Whether you agree or disagree with the statement that money can buy happiness, the fact remains that everyone needs money no matter what.
When it comes to financial planning, people usually overlook the importance of life insurance. As for its sibling, i.e., disability insurance, well, the chances are that many people aren’t even aware that such a policy even exists.
You might save money for a rainy day, but have you ever wondered what would happen if you got in an accident or suffer from an injury that makes you unfit for work for a long period of time?
Needless to say, the setback might be much more severe than you could imagine. It is during such adverse times that having disability insurance proves fruitful.
While it is good to be optimistic, it is better to be realistic and plan ahead for any unfavorable circumstances that you might face in the future. After all, as the saying goes, better be safe than sorry.
Plus, did you know that the chances of being disabled are about 3 times more likely than death itself?
Therefore, you must apply for disability insurance regardless of the nature of your work. And before you select any insurance package, read this comprehensive blog post to find out which one will be the right fit for you.
Knowing all your options will help you make an informed decision and make sure you stay protected in terms of earning even when you can no longer work.
- According to the Time Period
- According to the Insurer and the Insured
- Other Types of Disability Insurance
Disability insurance is broadly classified into two types, short-term disability insurance, and long-term disability insurance. But there are many variations in categorization. These other types of insurance are often the extended versions or features of the two main types mentioned above. However, they might also be considered as standalone disability insurance policies. Consult the relevant authorities if you have any queries to clear the confusion about the type of insurance applicable to you.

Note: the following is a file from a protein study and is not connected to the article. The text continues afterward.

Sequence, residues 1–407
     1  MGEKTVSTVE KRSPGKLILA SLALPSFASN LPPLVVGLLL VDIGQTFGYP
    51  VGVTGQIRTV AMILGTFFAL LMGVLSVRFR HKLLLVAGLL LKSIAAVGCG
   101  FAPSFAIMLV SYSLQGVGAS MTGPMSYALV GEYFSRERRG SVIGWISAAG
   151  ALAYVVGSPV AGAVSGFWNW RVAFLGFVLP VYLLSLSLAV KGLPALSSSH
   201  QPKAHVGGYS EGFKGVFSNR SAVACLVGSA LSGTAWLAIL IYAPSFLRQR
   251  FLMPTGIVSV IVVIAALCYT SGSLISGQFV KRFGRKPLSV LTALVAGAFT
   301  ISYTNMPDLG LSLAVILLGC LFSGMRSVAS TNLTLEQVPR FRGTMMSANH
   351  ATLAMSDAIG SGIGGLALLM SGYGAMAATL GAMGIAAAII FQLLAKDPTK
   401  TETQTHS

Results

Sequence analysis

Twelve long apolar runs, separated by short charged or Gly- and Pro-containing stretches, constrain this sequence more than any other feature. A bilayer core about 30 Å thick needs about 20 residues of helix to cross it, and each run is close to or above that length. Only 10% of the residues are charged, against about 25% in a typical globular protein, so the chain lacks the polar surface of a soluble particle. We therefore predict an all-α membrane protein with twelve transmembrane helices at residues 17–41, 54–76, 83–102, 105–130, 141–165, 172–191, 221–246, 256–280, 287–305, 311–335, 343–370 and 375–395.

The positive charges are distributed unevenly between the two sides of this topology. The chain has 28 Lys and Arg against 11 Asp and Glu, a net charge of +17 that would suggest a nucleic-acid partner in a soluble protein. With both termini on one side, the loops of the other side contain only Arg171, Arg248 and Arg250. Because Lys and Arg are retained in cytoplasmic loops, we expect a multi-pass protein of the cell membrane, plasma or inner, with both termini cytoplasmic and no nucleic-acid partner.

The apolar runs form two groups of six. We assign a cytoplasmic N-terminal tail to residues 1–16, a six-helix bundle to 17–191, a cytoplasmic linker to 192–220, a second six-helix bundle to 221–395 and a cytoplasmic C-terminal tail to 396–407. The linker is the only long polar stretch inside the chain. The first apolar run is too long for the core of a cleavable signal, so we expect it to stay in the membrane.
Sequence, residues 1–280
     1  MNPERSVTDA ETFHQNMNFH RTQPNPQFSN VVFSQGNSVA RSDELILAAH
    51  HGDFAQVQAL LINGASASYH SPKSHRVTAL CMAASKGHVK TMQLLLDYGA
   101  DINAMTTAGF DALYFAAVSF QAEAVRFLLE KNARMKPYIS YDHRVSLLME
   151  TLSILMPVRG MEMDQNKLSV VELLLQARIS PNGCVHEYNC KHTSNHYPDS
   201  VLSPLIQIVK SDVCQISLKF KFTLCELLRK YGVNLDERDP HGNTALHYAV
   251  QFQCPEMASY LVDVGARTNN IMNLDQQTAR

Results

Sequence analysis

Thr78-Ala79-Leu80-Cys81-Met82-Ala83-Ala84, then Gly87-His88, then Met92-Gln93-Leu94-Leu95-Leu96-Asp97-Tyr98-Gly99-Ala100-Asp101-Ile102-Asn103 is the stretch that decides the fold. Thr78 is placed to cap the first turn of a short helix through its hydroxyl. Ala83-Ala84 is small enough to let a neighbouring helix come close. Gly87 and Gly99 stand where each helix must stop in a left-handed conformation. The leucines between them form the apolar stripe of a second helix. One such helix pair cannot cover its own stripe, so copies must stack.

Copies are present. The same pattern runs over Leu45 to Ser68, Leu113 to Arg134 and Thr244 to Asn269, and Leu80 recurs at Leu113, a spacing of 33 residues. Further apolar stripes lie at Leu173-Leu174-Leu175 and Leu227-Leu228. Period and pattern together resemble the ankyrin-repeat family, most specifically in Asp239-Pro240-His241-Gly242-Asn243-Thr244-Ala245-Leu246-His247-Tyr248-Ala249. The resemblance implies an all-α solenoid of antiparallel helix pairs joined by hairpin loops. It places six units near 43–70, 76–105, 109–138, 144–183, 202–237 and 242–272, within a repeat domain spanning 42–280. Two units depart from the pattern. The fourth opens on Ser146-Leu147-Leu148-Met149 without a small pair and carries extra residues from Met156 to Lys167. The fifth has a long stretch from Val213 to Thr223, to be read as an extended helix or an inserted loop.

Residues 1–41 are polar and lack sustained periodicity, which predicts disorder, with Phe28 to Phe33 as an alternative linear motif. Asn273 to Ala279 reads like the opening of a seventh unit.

According to the Time Period
1. Short Term Disability Insurance
Short-term disability insurance means that the insurer will get a certain portion of their regular salary if they are unable to work for a ‘short’ period of time.
The amount of salary paid in disability benefits is usually around two-thirds of the normal salary. And the ‘short’ period is usually about three to six months. However, if your insurance company is really generous, then the time period for availing benefits from short-term disability insurance can be extended up to a maximum of two years.
Remember to check the documents or ask your insurer for the duration of short-term disability insurance that they offer.
Most employers offer short-term disability insurance to their employees. If your company provides the same, and you happen to suffer from a severe injury or a major illness, then you can make a claim through your disability plan.
However, make sure to consult the Human Resource department of your organization first. Ask for the details of your disability plan and inquire whether any sick pay or vacation time policies apply to your particular case.
In most companies, being eligible for short-term disability insurance requires that the employee works at least 30 hours a week and should have served a certain time period in the organization. Also, this type of insurance usually has an elimination period of 8 days.